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Wildfires, Property Values, and San Diego

According to a new report from the CoreLogic Property Data Science Team , properties with higher wildfire risks sell for less and appreciate at a slower rate than those that are not in wildfire prone areas. 

It’s no secret that California’s wildfire propensity has increased in severity over the past decade, somewhat in part due to global warming with the year 2020 standing out particularly badly. These fires have a clear connection to property values according to CoreLogic, and found that properties located in close proximity to wildfire perimeters experienced significantly lower appreciation than those located farther away. 

The California State Fire Marshal classifies lands into three Fire Hazard Severity Zones (FHSZs): Moderate, High and Very High. While the increased cost of constructing wildfire-resistant homes in California has led developers to build more homes in Moderate FHSZs, it is important to recognize that properties outside the High and Very High areas still face risks of wildfire damage. 

In CoreLogic’s latest study, they examined the impact of wildfire risks on property values in San Diego County, since it is one of the states most vulnerable counties to fire. The property data used in this analysis includes all transactions since 2011 in San Diego County and is from the CoreLogic property database, which encompasses addresses, sales prices, property attributes and geospatial information. 

According to CoreLogic, using a hedonic regression model, we calculated price per square foot on CoreLogic’s Wildfire Risk Score to examine the effect of wildfire risks on property values (while controlling for other factors). 

CoreLogic’s Wildfire Risk Score provides a property-level hazard risk assessment that accounts for various factors, such as risk rating, proximity to higher-risk areas, slope, vegetation and other variables. The Wildfire Risk Score uses a precise and graduated evaluation, differentiating between incremental levels of risk for properties within and outside of FHSZs. Properties with higher risk scores are more likely to experience wildfires.  

The figure below illustrates the overlay of the Wildfire Risk Score in San Diego County, showing high-risk areas outside the FHSZ or within the Moderate FHSZ, as well as varying risk levels within the FHSZ areas.

The next figure shows the impact of wildfire risks on home prices in San Diego County. For every 10-point increase on the Wildfire Risk Score, home prices decreased by approximately 1.3%. In May 2023, the median sales price for a home in San Diego County was $910,000. If a similar home’s wildfire risk score increased from 40 to 60 due to climate change issues, it would be projected to sell for $886,000. Mortgage lenders and originators often overlook this negative impact of climate change risks on property values.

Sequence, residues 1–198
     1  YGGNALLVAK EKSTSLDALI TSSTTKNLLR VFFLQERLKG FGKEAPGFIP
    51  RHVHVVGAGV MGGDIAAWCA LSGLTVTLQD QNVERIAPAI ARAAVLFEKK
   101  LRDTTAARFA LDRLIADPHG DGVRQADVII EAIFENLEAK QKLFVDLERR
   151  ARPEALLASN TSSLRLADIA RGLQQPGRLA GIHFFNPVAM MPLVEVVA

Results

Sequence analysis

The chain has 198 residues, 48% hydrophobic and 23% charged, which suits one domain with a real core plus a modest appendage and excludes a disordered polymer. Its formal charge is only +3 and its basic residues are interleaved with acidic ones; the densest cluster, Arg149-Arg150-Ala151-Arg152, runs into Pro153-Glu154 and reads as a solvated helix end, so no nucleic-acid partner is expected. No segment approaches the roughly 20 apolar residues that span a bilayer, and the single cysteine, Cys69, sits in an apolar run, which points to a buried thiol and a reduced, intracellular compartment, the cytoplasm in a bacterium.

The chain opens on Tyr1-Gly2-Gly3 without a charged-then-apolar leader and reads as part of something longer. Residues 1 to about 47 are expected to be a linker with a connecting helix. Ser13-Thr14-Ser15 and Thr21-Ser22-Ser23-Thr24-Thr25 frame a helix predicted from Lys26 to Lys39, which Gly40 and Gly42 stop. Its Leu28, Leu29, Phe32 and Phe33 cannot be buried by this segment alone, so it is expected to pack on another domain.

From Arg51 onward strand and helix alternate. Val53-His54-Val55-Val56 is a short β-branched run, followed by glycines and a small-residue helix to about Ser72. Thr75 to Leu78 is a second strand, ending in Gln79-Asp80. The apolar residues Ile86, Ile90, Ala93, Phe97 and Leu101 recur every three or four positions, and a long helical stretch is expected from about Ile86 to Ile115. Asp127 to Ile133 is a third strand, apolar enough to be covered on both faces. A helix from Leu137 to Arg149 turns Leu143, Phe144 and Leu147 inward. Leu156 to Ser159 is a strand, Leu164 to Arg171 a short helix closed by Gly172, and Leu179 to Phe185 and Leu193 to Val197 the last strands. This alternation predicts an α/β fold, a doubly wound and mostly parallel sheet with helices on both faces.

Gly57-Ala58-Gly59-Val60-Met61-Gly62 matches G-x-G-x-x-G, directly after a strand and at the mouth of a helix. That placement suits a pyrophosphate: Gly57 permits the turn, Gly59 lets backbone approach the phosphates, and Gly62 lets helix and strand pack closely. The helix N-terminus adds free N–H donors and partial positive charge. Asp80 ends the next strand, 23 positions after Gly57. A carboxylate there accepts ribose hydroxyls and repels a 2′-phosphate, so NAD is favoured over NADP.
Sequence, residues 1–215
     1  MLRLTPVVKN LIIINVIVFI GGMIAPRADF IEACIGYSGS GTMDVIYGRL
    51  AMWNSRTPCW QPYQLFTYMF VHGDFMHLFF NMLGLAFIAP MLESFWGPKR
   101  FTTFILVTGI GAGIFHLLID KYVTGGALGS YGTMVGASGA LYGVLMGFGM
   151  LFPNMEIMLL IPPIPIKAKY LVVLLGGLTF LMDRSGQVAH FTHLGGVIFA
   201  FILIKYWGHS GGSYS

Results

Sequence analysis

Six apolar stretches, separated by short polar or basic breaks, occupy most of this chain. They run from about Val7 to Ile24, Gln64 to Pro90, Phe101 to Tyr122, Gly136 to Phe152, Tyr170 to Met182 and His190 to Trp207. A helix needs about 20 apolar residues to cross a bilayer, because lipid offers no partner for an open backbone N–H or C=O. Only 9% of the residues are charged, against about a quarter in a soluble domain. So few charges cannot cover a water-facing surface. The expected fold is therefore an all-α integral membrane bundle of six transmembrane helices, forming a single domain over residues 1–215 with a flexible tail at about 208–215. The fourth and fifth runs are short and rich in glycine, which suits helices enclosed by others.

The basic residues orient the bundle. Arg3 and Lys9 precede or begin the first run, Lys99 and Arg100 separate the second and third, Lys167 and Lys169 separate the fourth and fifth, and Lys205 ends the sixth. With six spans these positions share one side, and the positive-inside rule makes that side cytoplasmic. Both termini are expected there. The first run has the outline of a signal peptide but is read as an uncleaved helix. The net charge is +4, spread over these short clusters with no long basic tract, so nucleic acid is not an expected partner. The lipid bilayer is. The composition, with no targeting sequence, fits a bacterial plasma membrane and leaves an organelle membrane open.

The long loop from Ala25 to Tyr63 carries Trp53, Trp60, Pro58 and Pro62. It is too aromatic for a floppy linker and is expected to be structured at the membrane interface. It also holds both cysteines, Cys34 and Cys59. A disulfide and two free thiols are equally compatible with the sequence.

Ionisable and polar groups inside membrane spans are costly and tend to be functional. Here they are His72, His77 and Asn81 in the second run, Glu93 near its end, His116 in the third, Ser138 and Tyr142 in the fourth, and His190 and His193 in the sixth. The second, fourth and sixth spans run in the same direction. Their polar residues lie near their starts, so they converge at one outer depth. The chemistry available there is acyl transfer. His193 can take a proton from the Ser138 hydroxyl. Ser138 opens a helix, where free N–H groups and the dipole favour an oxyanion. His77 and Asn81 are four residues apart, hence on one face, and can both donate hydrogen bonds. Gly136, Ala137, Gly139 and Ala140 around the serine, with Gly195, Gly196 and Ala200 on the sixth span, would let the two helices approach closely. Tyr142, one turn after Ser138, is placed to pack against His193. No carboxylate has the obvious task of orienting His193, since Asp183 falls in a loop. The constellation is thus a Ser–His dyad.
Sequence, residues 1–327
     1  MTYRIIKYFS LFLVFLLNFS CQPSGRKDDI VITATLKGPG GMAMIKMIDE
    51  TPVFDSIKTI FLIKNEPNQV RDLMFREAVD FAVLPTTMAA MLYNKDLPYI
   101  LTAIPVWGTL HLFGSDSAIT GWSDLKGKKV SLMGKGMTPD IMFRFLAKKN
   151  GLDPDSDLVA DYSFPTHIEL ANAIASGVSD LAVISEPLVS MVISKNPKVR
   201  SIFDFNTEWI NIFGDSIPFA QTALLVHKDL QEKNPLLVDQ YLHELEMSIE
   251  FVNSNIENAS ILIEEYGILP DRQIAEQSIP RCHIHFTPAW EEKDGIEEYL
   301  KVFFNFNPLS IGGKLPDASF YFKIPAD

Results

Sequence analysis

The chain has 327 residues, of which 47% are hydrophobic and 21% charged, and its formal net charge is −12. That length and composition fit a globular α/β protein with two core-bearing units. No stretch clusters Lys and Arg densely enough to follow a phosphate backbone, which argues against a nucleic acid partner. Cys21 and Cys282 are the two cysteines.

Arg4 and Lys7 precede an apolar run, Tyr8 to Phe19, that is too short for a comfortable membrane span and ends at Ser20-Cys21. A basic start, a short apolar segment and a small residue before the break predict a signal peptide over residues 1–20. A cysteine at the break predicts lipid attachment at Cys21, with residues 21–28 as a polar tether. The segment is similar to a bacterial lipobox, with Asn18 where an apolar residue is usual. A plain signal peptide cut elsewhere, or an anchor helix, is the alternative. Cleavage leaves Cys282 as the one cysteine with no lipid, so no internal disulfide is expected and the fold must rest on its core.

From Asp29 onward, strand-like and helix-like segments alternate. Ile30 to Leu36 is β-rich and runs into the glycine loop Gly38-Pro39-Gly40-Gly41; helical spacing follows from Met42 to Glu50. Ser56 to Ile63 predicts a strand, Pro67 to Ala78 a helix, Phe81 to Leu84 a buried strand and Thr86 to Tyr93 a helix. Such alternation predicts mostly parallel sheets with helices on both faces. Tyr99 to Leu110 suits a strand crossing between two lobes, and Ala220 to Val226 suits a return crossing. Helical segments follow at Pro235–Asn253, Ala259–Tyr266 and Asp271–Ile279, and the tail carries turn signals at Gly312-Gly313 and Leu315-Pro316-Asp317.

As a result of the hedonic regression analysis, CoreLogic has developed home price indexes that measure property appreciation over time, while controlling for housing stock quality differences. After grouping the wildfire risk scores into three categories — High, Moderate and Low — we conducted separate regressions for each category to compare how prices might have appreciated under different risk levels due to wildfires in San Diego. 

The final figure illustrates the home price indexes for the three aforementioned wildfire risk zones, indicating that higher risk corresponds to lower appreciation. Since 2011, homes with low wildfire risks have appreciated by more than 230%, while those with high wildfire risks have appreciated roughly 200%.

The analysis clearly demonstrates that properties with higher wildfire risks in San Diego sell for less and appreciate at a slower rate than similar properties with lower wildfire risks, assuming all other factors are equal. 

Understanding the role of collateral value in loan origination and portfolio management makes it critical for homeowners, mortgage lenders, insurers and policymakers to consider the impact of climate risk on property values. Adopting a proactive approach to this challenge and its effect on the property market is essential to foster a healthy housing ecosystem. 

About Author: Kyle G. Horst

Kyle G. Horst is a reporter for DS News and MReport. A graduate of the University of Texas at Tyler, he has worked for a number of daily, weekly, and monthly publications in South Dakota and Texas. With more than 10 years of experience in community journalism, he has won a number of state, national, and international awards for his writing and photography including best newspaper design by the Associated Press Managing Editors Group and the international iPhone photographer of the year by the iPhone Photography Awards. He most recently worked as editor of Community Impact Newspaper covering a number of Dallas-Ft. Worth communities on a hyperlocal level. Contact Kyle G. at [email protected].

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